Hooves and have-nots: Low-key weddings leave horses in lurch

It all started when lockdown was imposed in March-end, and the tonga owners connected with Raju to tell him of their plight.

Published: 24th June 2020 07:10 AM  |   Last Updated: 24th June 2020 02:33 PM   |  A+A-

Sandesh Raju has helped feed over 150 horses around Palace Grounds

By Express News Service

BENGALURU: The coronavirus pandemic and the subsequent lockdown has changed life as we knew it. Even as the struggles of various establishments and individuals have been brought to the fore, few have given thought to the plight of animals, especially horses that once prominently figured in weddings.But city-based Sandesh Raju has been concerned about their plight and spent the lockdown raising funds, requesting contributions for an ‘Oats Feed Program’ to provide a nutritious diet.

“With weddings becoming a rather simple affair with no pomp, and rituals being low-key, horses that were used at weddings are not hired anymore. They have taken a significant hit. The horse owners whose main stay was from these occasions, are now unable to feed the animals adequately. As a result, the health of horses is deteriorating and they are in grave danger,” says Raju who runs Samabhava, an equine-care NGO that rescues and provides shelter and care for cart-pulling ponies that are old, injured, blind, and crippled.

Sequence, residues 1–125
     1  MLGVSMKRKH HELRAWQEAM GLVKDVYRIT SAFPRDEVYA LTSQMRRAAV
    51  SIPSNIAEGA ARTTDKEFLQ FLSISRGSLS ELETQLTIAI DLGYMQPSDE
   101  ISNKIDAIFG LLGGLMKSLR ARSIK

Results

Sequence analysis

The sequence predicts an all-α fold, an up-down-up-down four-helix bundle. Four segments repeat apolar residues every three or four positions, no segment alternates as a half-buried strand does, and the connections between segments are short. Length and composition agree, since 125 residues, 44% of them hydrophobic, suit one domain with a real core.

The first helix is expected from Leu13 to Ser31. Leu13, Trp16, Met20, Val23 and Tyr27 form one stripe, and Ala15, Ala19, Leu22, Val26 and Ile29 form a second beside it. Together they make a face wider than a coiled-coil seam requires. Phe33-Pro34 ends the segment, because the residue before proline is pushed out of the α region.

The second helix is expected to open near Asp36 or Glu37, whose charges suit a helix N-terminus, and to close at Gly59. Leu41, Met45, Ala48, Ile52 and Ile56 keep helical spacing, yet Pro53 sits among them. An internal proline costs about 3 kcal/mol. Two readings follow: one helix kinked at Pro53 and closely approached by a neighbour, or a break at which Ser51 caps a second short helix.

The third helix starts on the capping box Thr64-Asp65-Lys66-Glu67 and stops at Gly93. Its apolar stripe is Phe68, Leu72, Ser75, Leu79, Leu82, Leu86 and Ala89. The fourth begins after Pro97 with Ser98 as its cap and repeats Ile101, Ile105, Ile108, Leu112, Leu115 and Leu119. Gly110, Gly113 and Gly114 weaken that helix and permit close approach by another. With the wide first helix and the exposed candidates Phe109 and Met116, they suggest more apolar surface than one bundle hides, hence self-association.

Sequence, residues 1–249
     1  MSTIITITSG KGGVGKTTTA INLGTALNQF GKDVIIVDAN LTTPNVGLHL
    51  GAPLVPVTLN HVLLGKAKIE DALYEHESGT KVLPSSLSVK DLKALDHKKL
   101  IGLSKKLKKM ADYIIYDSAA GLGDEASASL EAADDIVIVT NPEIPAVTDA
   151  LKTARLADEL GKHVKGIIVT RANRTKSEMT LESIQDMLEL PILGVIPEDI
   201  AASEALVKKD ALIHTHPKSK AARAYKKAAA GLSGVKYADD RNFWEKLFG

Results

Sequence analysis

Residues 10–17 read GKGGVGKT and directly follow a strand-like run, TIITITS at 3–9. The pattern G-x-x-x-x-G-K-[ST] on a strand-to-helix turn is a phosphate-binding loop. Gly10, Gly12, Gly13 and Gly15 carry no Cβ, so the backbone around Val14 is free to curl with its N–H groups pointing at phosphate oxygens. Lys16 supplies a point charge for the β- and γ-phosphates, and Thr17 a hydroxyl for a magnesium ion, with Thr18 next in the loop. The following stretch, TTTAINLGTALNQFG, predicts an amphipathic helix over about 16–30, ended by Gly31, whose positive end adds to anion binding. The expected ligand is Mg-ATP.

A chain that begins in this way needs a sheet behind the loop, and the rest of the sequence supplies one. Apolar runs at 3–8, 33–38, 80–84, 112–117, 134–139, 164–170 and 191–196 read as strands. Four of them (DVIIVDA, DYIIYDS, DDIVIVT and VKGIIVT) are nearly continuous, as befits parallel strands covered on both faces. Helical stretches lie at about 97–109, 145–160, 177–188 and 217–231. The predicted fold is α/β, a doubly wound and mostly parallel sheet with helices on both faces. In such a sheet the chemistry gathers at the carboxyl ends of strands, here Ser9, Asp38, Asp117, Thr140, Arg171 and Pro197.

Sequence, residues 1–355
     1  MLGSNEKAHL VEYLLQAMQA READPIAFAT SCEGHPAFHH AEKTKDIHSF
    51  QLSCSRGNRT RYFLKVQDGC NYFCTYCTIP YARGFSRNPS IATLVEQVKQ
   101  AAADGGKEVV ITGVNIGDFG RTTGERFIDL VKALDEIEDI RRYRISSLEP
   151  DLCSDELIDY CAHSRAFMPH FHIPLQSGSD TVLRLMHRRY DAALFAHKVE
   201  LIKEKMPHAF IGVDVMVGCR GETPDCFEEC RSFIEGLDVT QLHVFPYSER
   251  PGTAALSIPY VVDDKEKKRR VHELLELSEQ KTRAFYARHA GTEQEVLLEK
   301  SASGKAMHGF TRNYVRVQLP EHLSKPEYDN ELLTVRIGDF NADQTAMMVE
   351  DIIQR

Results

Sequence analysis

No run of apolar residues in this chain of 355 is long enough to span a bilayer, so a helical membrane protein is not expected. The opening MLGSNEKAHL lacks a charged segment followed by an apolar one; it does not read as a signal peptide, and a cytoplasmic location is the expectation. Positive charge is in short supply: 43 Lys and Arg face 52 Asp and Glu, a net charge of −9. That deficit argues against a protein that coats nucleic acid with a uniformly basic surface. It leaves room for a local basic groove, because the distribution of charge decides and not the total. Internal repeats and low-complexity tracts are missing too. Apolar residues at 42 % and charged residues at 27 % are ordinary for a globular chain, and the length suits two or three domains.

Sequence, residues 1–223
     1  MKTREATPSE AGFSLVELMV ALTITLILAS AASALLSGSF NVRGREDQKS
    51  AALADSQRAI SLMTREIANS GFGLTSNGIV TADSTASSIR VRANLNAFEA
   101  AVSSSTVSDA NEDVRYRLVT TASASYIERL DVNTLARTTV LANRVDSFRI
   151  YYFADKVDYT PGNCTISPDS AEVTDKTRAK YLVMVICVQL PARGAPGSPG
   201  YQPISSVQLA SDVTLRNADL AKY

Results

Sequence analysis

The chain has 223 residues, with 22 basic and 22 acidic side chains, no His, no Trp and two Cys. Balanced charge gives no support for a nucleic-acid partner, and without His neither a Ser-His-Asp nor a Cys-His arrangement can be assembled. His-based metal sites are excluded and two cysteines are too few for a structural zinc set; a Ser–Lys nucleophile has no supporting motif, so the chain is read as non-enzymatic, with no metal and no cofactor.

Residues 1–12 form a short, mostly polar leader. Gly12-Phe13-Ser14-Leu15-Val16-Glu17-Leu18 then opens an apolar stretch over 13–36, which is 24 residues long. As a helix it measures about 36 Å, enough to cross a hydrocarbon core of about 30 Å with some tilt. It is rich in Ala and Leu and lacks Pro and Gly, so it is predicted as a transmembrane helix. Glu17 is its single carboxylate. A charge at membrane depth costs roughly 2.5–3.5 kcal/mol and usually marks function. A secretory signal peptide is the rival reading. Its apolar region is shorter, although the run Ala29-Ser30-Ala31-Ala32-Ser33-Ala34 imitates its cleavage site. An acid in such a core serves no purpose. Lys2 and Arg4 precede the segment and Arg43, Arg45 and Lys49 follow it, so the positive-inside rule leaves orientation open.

Over the last few weeks, he has been trying to raise `50,000. Having reached his goal, he will be distributing 27 bags of oats and carrots on Wednesday. “Frankly, if rescused working ponies are compared with wedding horses, the former lead a life of dignity. Wedding horses are need based and used twice or thrice a month. During the remaining time they have no movement or exercise. Now, they are even struggling for food,” says Raju, who has helped feed over 150 horses, including 10 white wedding horses in the bylanes near Palace Grounds.

It all started when lockdown was imposed in March-end, and the tonga owners connected with Raju to tell him of their plight. “Most of them are located in Padarayanapura, which became a containment zone. Horse owners were out of work and didn’t know how to gather resources to feed the animals,” says Raju, who then came up with various ways to help them out. He even reached out to Bangalore Turf Club requesting oats and bran flakes for wedding horses kept outside Palace Grounds and Shivajinagar. “I had never done something like that before, but the situation demanded so,” he says.


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